In Defiance of Coda – Kyle Bella

Franco

[in defiance of coda]                                                                                   

 

first encounters: guide to getting lost

Cadences connect in dissolution of difference.

I meet him at a party one night, at a mutual friend’s house & the attraction is, for a change, equal. It’s something beyond the way he speaks: the tone of his voice, gentle and sweet, the way he challenges what I utter, something purer, something just beyond language, pre-cartographic.

I realize he has a boyfriend, immediately discounting his own understanding of flirtation. Why do I always find myself attracted to people who cannot reciprocate? What is it about attraction & desire that makes it subject to the unreasonable or irrational? How can I move forward with my desire?

We met again, twice, this time with the boyfriend and other guests for Shabbat dinner. Non-secular, but inflected with the ritual of Jewish culture, these dinners celebrate successfully ending a week, beginning by literally breaking bread.

This time I feel that same flirtation in the way my laughter connects to his jokes. Later over text message he replied, “Thanks for laughing at all my jokes.” From this statement, self-doubt regarding flirtation and intention once again reemerge. He’s not the kind of guy you’d meet while drunk in a bar, where expectation moves in tandem with a musical beat. I start to wonder: is the challenge of understanding expectation something I find hot?

Thankfully I don’t have to wait long. The next week we connect again during a private dinner at a Thai restaurant down the street from our places. He talks about opening his clinical psych practice and I interject with the ensuing controversy over a recent essay on barebacking. He has that humor and smile again, call it poise, as he prods about my other sexual experiences. I do not want to resist. I do not resist.

In the process, I find out he’s in an open relationship. We have an honest conversation about what he likes to do and the boundaries he puts in place. Judgment seems to disappear as desire magnifies itself. Now the challenge is less important than feeling we can simply enjoy the other person’s movements – the freedom to be that normally seems so illusory.

A walk in darkness together up the hill on Cortland. Arriving at his front door, sliding the key into the lock, heartbeat flurry. Over Aztec herbal tea, nerves calmed as hands clutch homemade pottery. “Kiss me,” he finally asks me. The acting of his desire makes me unafraid as I set down the cup. Our lips come together, the softness of his beard a welcome surprise, as I know not to mistrust my wants anymore.

Desire is followed by its expression, as an act. First the ritual shedding of protective layers, delicately removed one-by-one so as not to overwhelm the senses with a naked form. To tease, to prolong the act of objectification gone right. As every layer is removed, his hand caresses that newly exposed part. Sensations accumulate as I realize this is everything I could have imagined it to be (and maybe even more).

What do you want to do? he asks. I tell him what I want, but a voice inside of me thinks only, “Let’s get lost.” (The rest, that act, belongs only to us.)

After we’ve finished, we lie naked on his bed. His arm is wrapped around my neck, sitting on my chest, as I lean into his beard without insecurity. The after-sex banter is welcome, though one moment is particularly memorable. We somehow get to the discussion of film, in particular Weekend, where two British men meet one evening, forming a mutual though improbable relationship.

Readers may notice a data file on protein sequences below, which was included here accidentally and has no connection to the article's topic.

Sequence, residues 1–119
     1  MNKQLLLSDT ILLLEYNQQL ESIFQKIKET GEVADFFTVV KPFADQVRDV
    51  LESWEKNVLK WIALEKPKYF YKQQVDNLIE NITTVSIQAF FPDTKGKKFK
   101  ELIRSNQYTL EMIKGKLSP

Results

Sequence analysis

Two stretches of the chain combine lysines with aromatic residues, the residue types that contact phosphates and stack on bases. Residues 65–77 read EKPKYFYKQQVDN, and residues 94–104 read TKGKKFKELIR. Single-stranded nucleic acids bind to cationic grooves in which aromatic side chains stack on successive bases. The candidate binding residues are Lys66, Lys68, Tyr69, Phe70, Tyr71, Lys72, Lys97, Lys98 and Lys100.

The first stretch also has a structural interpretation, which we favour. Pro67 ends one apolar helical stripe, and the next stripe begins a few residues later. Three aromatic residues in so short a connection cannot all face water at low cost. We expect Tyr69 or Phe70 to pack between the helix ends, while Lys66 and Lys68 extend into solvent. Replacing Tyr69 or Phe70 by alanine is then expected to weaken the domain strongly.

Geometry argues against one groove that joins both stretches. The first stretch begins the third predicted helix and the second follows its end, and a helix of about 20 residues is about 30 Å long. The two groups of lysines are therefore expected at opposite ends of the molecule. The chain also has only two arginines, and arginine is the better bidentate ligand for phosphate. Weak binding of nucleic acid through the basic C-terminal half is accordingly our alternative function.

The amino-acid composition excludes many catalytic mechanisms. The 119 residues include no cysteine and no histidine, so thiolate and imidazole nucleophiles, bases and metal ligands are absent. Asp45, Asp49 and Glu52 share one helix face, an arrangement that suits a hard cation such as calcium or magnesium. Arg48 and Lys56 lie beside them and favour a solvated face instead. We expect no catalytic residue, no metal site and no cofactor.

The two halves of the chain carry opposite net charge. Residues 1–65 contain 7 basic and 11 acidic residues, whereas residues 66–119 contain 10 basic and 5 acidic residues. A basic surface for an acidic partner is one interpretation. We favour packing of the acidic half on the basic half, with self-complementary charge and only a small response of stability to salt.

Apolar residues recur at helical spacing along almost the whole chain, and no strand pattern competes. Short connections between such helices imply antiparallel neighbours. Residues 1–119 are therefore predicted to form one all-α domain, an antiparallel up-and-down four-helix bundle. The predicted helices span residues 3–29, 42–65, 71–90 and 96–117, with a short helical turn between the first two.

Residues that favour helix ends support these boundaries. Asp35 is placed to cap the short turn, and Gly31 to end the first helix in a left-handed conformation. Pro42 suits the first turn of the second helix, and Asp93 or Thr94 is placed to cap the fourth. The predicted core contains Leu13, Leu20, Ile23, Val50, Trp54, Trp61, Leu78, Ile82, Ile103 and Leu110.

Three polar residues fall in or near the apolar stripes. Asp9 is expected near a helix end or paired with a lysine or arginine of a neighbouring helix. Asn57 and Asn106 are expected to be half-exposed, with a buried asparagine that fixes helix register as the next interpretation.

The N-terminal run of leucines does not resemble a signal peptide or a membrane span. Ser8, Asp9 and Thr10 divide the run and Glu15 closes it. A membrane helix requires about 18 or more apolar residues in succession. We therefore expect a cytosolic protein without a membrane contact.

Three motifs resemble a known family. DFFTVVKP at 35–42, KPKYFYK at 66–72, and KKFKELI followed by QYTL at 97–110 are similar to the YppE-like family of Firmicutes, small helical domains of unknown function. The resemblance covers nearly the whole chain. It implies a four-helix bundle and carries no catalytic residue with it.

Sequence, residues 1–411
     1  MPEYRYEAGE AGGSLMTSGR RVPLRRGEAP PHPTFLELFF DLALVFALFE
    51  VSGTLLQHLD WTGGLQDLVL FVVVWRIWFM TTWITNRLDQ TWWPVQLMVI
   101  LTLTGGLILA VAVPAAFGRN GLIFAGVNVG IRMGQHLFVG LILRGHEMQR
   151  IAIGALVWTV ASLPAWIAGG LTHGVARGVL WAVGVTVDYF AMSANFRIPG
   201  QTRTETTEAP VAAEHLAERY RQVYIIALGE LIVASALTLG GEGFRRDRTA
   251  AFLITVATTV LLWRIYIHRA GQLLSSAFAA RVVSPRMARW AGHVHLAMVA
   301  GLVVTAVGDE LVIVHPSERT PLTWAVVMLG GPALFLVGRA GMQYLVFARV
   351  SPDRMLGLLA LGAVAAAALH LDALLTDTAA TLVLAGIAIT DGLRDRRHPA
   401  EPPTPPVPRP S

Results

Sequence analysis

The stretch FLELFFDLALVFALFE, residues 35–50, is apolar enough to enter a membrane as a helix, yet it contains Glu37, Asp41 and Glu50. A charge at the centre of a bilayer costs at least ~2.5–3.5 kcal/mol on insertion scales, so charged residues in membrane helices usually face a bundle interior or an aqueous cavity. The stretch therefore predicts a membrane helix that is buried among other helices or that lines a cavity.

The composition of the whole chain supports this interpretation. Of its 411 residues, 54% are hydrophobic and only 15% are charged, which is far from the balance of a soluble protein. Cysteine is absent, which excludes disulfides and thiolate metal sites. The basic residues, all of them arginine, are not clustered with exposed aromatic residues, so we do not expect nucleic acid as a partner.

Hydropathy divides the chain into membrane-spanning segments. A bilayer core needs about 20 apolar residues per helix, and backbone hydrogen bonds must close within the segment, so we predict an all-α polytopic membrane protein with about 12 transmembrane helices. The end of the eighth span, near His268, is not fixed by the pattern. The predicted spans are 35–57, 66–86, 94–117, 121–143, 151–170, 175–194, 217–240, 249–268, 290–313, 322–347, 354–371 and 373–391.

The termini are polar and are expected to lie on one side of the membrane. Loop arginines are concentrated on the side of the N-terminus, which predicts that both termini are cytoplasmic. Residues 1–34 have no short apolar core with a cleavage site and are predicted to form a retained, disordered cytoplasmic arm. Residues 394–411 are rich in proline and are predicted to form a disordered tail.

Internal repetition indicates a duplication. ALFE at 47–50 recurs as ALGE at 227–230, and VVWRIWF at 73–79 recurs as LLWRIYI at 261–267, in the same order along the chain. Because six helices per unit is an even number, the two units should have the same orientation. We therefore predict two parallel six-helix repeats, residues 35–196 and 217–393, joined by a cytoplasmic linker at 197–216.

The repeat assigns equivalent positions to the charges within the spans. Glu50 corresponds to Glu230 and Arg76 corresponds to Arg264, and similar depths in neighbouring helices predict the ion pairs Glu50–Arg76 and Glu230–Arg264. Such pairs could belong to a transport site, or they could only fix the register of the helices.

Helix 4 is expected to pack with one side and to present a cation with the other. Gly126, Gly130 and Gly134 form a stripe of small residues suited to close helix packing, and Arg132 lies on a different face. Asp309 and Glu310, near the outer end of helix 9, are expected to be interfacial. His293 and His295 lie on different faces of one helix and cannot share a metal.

We rattle off Marxist and leftist politics over the film’s title, as the two men both work non-traditional weekend jobs. I explain how the film’s narrative structure retraces desire through the inclusion of a tape player meant to record unexpected sexual encounters in bars. Our attraction for a central character is shared. However, the real reason I recount this situation is because of what he says at the end, “Thank you for bringing up this film.”

It’s a simple sentence, disarmingly simple except for the fact that like the film, and the moments that got us naked on his bed, there are layers both spoken and unspoken. He gets those layers, like I thought he got them when our nakedness was a distant possibility. Our strongest embraces are acts of abandoning judgment whenever possible and trusting sparks that might run counter to expectation. These embraces are ways of getting lost in the mess of desire to untangle how we can better express it.

As I leave his apartment, a gentle kiss seals this realization.

 

a magnification, or living as countermelody

The sky suddenly opens up in San Francisco, at the edge where blue meets land, walking to dinner to meet him again. Cadences connect in dissolution of difference. The line from earlier flashes through my body, remembering naked flesh against soft, diffuse light from a single living room lamp.

In the open sky in San Francisco, I strut down Valencia St against the Western sky turning orange and red in a fiery sunset coupled with a double rainbow, like a chameleon emerging in a break of form. I tell him what I want, but a voice inside of me thinks only, “Let’s get lost.” (The rest, that act, belongs on to us.) Against a sky & city never seen before, I remember another unexpected act.

In the open sky in San Francisco, I recognize symmetry in this universe I thought never belonged to me. But it is suddenly here, everywhere around me, encompassing all edges, such that I cannot escape its presence. Fifteen minutes later: orange has turned to purple & at the eastern edge, black, as I finally meet him outside of the restaurant. Another line from our last encounter: The freedom to be that normally seems so illusory.